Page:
The most obvious place to start is water conservation. In the UK we have huge potential for collecting rainwater, usually from a roof area or pond, and in other less common ways such as creating swayles. So how much water do you need to collect? You need as much water as you would need to cover you through the longest potential dry spell....which in an increasingly unpredictable climate is very hard to estimate.....so I would say when it comes to rainwater harvesting - collect as much as you can!
|Two 200l water butts connected in series, intercepting a down pipe.|
|Many water butts in series on an allotment site in Bristol.|
|A beautiful and useful pond in Paul & Hopi's polytunnel at Lammas is fed by a nearby spring.|
|A water reservoir at Martin Crawford's forest garden nursery in Devon. Netting helps to keep out leaf litter and other detritus which will clog filters. It may also reduce evaporation.|
Often confused with ditches, they are in fact the complete opposite! Ditches are used to direct unwanted water away, therefore they are dug on a Small gradient and flow. Swayles are dug on the contour in order to capture surface runoff and allow it to percolate into the soil. These are most commonly used in parts of the world where they have a wet season followed by a dry season, and increases the water levels in the ground to help get through the dry periods. They are not often used in the UK as we tend to have.....a wet season! But in drier places such as East Anglia they could be of benefit, especially if planting woodland or orchards. Of course, you would first need to find a slope, which in Norfolk or Cambridge may be a challenge!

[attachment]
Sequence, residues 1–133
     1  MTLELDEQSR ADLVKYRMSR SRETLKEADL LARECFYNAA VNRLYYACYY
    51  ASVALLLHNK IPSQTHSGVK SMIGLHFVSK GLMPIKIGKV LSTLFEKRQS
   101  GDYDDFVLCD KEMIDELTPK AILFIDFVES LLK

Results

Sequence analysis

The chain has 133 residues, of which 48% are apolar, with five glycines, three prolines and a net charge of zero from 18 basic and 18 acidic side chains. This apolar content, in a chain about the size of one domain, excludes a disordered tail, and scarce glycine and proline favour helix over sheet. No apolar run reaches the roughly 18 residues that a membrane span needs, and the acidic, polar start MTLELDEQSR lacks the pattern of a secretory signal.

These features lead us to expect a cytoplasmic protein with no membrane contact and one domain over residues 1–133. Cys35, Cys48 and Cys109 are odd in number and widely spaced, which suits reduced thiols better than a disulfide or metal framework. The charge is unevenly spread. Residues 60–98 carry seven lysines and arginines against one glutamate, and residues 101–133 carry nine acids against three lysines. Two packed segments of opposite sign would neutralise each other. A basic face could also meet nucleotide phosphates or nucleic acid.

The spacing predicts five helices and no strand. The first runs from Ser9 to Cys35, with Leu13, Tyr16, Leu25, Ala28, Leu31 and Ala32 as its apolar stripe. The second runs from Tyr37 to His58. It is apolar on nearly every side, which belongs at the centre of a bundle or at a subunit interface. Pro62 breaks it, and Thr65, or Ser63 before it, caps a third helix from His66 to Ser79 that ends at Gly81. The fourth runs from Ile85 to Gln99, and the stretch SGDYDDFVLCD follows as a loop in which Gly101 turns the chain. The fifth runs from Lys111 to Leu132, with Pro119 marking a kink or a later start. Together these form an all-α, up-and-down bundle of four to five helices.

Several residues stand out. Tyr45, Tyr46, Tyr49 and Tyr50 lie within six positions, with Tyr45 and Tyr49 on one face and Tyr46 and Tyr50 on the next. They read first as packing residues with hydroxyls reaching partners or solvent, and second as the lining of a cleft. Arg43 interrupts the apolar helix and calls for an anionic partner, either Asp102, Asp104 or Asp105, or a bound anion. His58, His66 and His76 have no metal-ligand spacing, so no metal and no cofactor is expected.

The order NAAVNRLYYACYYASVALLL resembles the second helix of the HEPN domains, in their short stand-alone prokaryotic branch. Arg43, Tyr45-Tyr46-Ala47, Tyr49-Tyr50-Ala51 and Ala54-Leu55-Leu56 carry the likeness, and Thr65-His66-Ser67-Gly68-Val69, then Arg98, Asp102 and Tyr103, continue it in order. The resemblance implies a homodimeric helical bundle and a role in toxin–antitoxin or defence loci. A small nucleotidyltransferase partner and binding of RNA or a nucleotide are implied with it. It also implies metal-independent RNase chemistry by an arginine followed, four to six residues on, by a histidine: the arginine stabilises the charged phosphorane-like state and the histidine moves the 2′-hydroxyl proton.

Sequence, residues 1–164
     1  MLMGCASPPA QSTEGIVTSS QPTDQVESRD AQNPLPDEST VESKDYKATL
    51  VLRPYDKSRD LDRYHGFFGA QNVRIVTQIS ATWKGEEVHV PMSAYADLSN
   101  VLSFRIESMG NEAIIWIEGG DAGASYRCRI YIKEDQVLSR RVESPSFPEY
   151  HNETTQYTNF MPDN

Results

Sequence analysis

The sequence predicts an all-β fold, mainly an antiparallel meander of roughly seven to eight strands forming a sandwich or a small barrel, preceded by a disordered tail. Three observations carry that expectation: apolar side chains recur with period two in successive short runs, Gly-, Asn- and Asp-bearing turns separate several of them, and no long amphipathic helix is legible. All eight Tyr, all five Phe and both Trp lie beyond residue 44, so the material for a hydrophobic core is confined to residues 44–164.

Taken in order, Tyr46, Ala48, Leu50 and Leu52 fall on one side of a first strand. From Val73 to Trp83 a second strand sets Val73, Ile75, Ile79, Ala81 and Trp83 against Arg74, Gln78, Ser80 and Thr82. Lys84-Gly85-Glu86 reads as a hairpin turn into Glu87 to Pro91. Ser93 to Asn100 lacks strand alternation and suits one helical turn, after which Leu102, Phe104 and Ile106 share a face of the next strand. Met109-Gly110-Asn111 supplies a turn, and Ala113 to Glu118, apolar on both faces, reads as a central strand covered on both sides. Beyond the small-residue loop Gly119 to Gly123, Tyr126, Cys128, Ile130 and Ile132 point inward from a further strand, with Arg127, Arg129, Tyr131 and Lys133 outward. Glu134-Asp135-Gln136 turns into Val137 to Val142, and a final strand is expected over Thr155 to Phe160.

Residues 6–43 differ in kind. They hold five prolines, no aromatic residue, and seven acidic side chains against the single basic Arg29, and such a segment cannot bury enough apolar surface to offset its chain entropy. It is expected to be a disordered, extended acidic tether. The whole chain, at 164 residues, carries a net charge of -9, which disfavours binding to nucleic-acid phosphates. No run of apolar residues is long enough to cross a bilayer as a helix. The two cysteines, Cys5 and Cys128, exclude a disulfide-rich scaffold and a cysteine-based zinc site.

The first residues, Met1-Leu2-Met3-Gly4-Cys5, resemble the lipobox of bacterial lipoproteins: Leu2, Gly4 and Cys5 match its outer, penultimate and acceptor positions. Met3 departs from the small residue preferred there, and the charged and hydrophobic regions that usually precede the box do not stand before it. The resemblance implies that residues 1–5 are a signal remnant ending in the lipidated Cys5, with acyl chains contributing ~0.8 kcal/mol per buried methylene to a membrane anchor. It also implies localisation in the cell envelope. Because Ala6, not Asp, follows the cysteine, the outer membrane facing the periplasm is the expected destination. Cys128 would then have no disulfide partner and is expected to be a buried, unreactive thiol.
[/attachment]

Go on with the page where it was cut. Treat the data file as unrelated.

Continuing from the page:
Another way to conserve moisture in the soil is the use maintenance mulches to reduce evaporation and weed competition. We have been using old hay bales we have left over from our wedding - they made good seats and climbing towers for the kids! Now I know what you're thinking - grass seed!! Yes, generally it is risky using hay as a mulch because of all of the grass seed in it. However, these bale have been stored in our biggest glass house for 18 months and believe me, they have been well baked! We weren't planning to mulch this year because we sowed white clover in the vegetable beds (see prev. post) as a green manure/living ground cover around our crops. We had some success with this last year around our pumpkins and courgettes, so decided to use it in two more beds this year. Sadly the clover didn't germinate, despite repeated sowings, so come the heat wave we did some last minute mulching to save our soil. This is especially important for us as we're still trying to build up the humus in the very poor soil in the raised beds, so it needs all the help it can get. Having high humus content in your soil is probably the best way to retain moisture and can be achieved by simply adding lots of good organic matter each year in the form of compost, animal manure and green manure.
|One of our wwoofers mulching with hay in a raised bed here at Tawny Oaks. The odd small patch of clover is visible amongst the hay.|